28. KaZaA – Some Details On initial registration, the client may be provided with a list of more than one supernode. Supernodes are “elected” by the central server – users can decline. Supernodes can come and go so links may fail over time. If a peer attempts a connection and fails, it can request a referral – becomes important when a firewall is used. File transfers use http protocol and port 1214 (the KaZaA port). Chapter 13 Malicious Code.

  29. KaZaA – The Firewall Breach – Part 1 Protected Network Internet Insider initiates: SYN, SYN ACK, ACK, Search + Response: Outbound any is OK 1 A B 2 Insider initiates: SYN, SYN ACK, ACK, Get File: Outbound any is OK Chapter 13 Malicious Code.

  30. KaZaA – The Firewall Breach – Part 2 Protected Network Internet No activity, but connection is always ON Outsider initiates: SYN, SYN ACK, ACK, Search + Response: Response Ids system behind the firewall 1 2 Outsider initiates: SYN: Firewall drops Inbound not OK for this service Chapter 13 Malicious Code.

  31. KaZaA – The Firewall Breach – Part 3 Protected Network Internet During on-going activity an Urgent Message is sent to A to Connect to B 2 Outsider initiates: SYN, SYN ACK, ACK, Message: Tell A to Connect to B A 1 3 Insider initiates: SYN, SYN ACK, ACK, Message: Several, but result is the file is transferred. Tricky way to get past a firewall. B Chapter 13 Malicious Code.

  32. KaZaA – Consequences Bandwidth – U of Vermont (45% of Internet bandwidth) Potential for original client download to be a Trojan – it is. Potential for files downloaded into the protected network to also be Trojans. On the plus side: P-2-P is coming and many think is the next Internet KILLER APP. Web centralizes information access, P-2-P distributes. Commercial products will have security controls. Chapter 13 Malicious Code.

  33. KaZaA – The Trojan KaZaA clients come complete with a Trojan from Brilliant Digital Entertainment. 3D advertising technology + node software that can be controlled by Brilliant Digital. Intent is to use the massed horsepower to host and distribute content for a fee. With the user’s permission of course – opt out basis (not opt in!). Content to include advertising, music, video. Also mentioned tapping unused cycles for compute work. Chapter 13 Malicious Code.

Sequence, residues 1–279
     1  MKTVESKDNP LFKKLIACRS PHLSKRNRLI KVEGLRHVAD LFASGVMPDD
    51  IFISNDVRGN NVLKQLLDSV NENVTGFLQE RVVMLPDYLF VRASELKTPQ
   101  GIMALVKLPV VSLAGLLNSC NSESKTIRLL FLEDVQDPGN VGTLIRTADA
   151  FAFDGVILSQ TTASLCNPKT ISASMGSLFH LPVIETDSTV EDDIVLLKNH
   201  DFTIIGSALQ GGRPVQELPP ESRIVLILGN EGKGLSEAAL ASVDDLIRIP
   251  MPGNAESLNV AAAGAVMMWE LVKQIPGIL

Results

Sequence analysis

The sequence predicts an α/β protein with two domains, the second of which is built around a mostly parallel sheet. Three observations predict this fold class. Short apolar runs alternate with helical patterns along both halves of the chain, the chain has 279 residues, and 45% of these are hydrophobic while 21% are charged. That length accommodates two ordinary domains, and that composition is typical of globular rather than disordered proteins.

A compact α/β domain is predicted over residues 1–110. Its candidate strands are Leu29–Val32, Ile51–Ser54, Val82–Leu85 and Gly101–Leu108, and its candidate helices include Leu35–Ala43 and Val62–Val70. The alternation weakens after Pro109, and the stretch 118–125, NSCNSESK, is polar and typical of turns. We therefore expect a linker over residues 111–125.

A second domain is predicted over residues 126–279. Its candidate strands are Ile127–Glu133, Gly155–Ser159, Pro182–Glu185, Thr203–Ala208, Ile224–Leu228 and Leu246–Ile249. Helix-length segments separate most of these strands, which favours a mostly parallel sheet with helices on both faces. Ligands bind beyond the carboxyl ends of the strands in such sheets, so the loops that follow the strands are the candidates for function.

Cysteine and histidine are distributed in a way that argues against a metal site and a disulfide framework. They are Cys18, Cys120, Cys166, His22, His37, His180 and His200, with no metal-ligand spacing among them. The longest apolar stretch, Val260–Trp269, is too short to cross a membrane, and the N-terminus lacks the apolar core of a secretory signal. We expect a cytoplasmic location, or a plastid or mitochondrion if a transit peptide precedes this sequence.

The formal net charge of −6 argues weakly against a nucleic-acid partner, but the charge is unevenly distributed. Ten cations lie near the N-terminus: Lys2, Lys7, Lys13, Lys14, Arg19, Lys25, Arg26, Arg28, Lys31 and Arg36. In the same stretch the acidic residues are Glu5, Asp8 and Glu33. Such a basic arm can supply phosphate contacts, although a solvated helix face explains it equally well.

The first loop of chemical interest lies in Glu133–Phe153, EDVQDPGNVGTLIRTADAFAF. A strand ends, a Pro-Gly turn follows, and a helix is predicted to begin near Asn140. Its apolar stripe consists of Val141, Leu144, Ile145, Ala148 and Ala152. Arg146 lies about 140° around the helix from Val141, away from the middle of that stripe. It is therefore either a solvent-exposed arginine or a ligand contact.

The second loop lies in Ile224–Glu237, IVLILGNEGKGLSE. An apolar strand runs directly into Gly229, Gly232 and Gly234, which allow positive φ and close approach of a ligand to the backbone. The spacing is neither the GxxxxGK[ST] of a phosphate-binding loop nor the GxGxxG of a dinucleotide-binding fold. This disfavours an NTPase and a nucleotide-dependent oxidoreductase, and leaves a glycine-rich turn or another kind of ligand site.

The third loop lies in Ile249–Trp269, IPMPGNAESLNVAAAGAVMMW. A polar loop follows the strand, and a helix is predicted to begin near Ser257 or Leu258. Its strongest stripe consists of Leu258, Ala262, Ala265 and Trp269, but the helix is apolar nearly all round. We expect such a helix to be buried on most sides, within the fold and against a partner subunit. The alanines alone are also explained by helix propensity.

34. Malicious Code – Yet Another Category Hostile Java applets – code snippets that are executed by Java to perform some function, often embedded in a web page. This is essentially mobile code (code that can move to different execution environments). A “feature” with side Effects. May belong on the “requires a host program” list. The host in this case is your browser with Java enabled. The applet is introduced to your system when you visit a web page containing the applet. Chapter 13 Malicious Code.

  35. Malicious Code – Bad Applet Types “malicious” and “attack” applets. Malicious applets are in the wild. For the most part they are annoying, but can be serious – can result in denial of service and invasion of privacy. Attack applets are not yet in the wild, but have been extensively tested in lab settings. They attempt to compromise the Java security model and break through The Java sandbox and take over a system. Chapter 13 Malicious Code.

  36. Entrance Paths • Logic Bombs, Trojans, Viruses • Integral to or attached to an executable program, • including macros that are enabled to be executed when • a file is opened. • 2. Transported by media (e.g., floppy, tape, CD-ROM) • OR arrive over the network as attached or directly • executable programs. • Worms, Bacteria • 1. Do not require a host program for transport. • 2. Arrive directly from the network – self-propagate. Chapter 13 Malicious Code.

  37. Entrance Paths • Applets • Are part of a web page you visit. • If Java is enabled, the applet will execute and do • its thing. • Spyware • Multiple as discussed earlier. Chapter 13 Malicious Code.

  38. Virus Behavior – Like Biological Viruses • Typically small programs, attached, or attach • themselves to executable files (e.g., a program, a script, • or a command string). • 3. Activate when the host program is executed. • 4. May be benign or malignant (i.e., destructive). Can do • anything a program can do! • 6. Cannot infect a system from a non-executable file. • 7. Might/might not cause physical damage. • 8. Can infect firmware (e.g., flash ROM, BIOS). • 9. Activate on an event (e.g., when executed, on a date, • after n re-boots, at some random time). • 10. Replicate/attempt to infect other files (e.g., Melissa). Chapter 13 Malicious Code.

  39. Indications of a Virus 1.Computer runs slow. 2. System runs out of free space. 3. Unexplained file size changes. 4. Unexplained files appear on the hard drive. 5. Unexplained behavior: - CD-ROM drawer opens and close on its own (a joke). - Programs won’t execute - Files won’t open - Characters missing from displays - Obscene language appears on the display And almost any other strange behavior you can imagine. Chapter 13 Malicious Code.